We all remember our first times for everything — that first kiss, first car or first job. Stacey McKenzie, 38, of Bennettsville, S.C., remembers it all, plus the first night he was homeless.
I met him on a corner on Lowes Boulevard in Killeen. He stood with a sign stating he was hungry, homeless and looking for work. I took notice of him as I drove by on a frigid night in December. I stopped and asked him if he liked McDonald’s.
“Anything, man! Anything!”
I told the man, whom I later found out went by the name Stacey, to wait at my truck as I went into the Walmart McDonald’s. When I returned with a bag of food and some iced tea, I found him standing with his black backpack, hands in his coat pockets.
“I never thought I would be homeless. I thought after my time with the Army, I would find a job and live happy. It all was a dream. Dreams come true they say, but some just disappear.”
I opened the rear hatch of my truck and we sat down to talk. I watched as Stacey opened the McDonald’s bag as if it were a prized possession. His dirty hands hugged the hot bag of food, drawing it close to his body to warm himself, and he began eating with small careful bites.
“If you've never been homeless, believe me, the first night sleeping on the street is the toughest part of your life experience. The fear and discouragement paralyzes your soul. You don’t prepare yourself for this. You cry a lot. You beat yourself up for putting yourself in this situation. It is (very) surreal because no one ever thinks they will become homeless. No one.”
Born in Bennettsville, S.C., Stacey left to make a career with the U.S. Army where he served in infantry. While stationed at Fort Hood, he met a girl. They fell in love and when he was discharged, they moved to Corpus Christi. There he found work at a chemical plant.
For six years, Stacey and his girlfriend made a good life for themselves. They had a car, an apartment, televisions and cellphones. Then the bottom fell out from under him. A few years ago, his girlfriend cheated on him, crashed his car and left him with bills mounting. His employer had to make cutbacks and he was laid off.
“I thought for sure I would be able to find another job. I thought being a veteran would help me in landing a job.”
Stacey began to pray that something good would come as he watched his money start to dwindle. Soon he was out of money and his credit cards were maxed to the limit. He had no car, no phone, no friends or family. Stacey was evicted from his apartment and ended up on the streets — alone.
“I used to be religious. I feel forgotten now. I still believe there is someone powerful up there, but now that I am homeless, I think he has forgotten me. I know this is true as people look at me like I am dead.”
Stacey was homeless. No roof over his head, no food, nowhere to turn. He did the one thing he thought he never would do — live on the streets.
“I'll never forget my first night. All of a sudden I found myself homeless near downtown Corpus. I was sober, but I had no money, no place to go and no one I could call for help. I was officially homeless. I was scared as hell. The first time you're homeless, the intense feelings of fear and uncertainty are impossible to forget.”
As he walked the streets of Corpus Christi in search of a safe place to sleep — in a park or on the beach — he hung his head in embarrassment. He passed by people he could have asked for money or help, but he didn’t. He couldn’t bring himself to do it.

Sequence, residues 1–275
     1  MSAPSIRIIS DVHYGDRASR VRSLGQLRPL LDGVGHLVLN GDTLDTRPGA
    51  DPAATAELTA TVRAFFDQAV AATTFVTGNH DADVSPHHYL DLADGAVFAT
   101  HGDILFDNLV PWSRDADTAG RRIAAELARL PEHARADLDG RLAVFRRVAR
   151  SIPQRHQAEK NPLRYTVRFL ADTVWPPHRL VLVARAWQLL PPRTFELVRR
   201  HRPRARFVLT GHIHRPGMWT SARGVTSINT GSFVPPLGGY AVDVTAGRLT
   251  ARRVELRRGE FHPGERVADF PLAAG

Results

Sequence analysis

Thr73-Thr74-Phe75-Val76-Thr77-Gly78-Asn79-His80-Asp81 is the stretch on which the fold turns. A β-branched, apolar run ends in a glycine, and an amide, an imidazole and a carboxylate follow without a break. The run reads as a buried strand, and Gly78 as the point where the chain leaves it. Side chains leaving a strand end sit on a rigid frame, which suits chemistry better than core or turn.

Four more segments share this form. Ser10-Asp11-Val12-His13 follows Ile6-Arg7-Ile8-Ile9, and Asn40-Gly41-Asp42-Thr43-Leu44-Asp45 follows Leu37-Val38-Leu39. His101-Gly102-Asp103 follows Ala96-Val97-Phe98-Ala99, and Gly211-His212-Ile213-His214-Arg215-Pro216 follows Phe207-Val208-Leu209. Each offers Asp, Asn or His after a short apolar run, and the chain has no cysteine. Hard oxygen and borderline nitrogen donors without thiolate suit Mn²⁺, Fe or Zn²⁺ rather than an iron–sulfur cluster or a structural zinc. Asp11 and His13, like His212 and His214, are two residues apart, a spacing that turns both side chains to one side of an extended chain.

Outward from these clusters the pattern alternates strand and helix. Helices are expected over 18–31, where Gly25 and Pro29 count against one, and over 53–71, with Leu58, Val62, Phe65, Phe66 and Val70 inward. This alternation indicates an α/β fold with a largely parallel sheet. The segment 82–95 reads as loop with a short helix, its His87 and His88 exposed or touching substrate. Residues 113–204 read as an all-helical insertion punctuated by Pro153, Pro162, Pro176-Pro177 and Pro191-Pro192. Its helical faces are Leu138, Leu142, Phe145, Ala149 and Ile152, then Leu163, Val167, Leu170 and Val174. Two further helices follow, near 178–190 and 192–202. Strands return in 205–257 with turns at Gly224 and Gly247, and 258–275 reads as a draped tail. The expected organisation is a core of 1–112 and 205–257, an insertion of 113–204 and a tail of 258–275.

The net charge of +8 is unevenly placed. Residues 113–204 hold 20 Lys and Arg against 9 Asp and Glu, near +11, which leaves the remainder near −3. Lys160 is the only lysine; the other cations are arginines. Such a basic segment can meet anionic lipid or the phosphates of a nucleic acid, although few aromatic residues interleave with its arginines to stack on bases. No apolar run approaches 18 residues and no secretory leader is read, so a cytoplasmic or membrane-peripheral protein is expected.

Finally, he found a small hollow place by the beach. Pushing his body as far into the crevice as he could, he laid his head on his arms.
“It was the first place where I felt safe enough to lay down. I closed my eyes. I don't remember how much time had passed. The sun rose and it’s impossible to describe the mixture of fear, anger, vulnerability and, well, homelessness I felt as I lay in that hole.”
I could understand Stacey being afraid. But I wondered about the anger. Where did it come from? What brought it on? Whom did he blame?
“This was all new to me. I had no homeless training. I had no clue how I was going to survive. But now, I was the one who had suddenly landed on bankrupt. The irony was painful. I don’t blame anyone but myself. It was my call to let myself drift down this path.”
Stacey began to migrate from Corpus Christi, walking and hitchhiking, and headed to San Antonio. He begged for money and when he got some, he would buy hot food and drinks and look for a hideaway place for safety and security.
“Living on the streets is a warzone by itself. As you sleep you are robbed of the small effects you hold dear. Blankets, socks, food. You’re (expletive) homeless! How much lower can you go and steal a homeless man’s stuff?”
Moving forward and not finding a job, Stacey headed to Austin and finally back to Fort Hood where he was stationed when he was in the Army. He thought for sure he would find a job on post with some contractor or on highway construction crews. But no luck.
The man who once had pride in himself, who wore ironed jeans and shirts and had clean shoes and hair, never thought he would look the way he does now — unkempt and dirty.
“Homelessness has a face. It is no longer the dirty old man on the street drunk and stinking. It is young people. Look at the homeless now and you will see kids, young men and women. Many are on the streets with their pets.”
When asked what Stacey planned to do now, he shrugged. Hopping off the back of my truck he thanked me for the hot food, the conversation and showing interest in him. Laughing, he told me he’d give me his phone number but, “I ain’t got one.”
I closed the back of my truck and asked where he would sleep that night. He said he had no idea but was headed to Dallas. “Why Dallas?” I asked, and he said some people he had known in the Army lived there.
“Maybe I can find them. Maybe I won’t. Either way, I am on the streets, man. Another statistic for America.”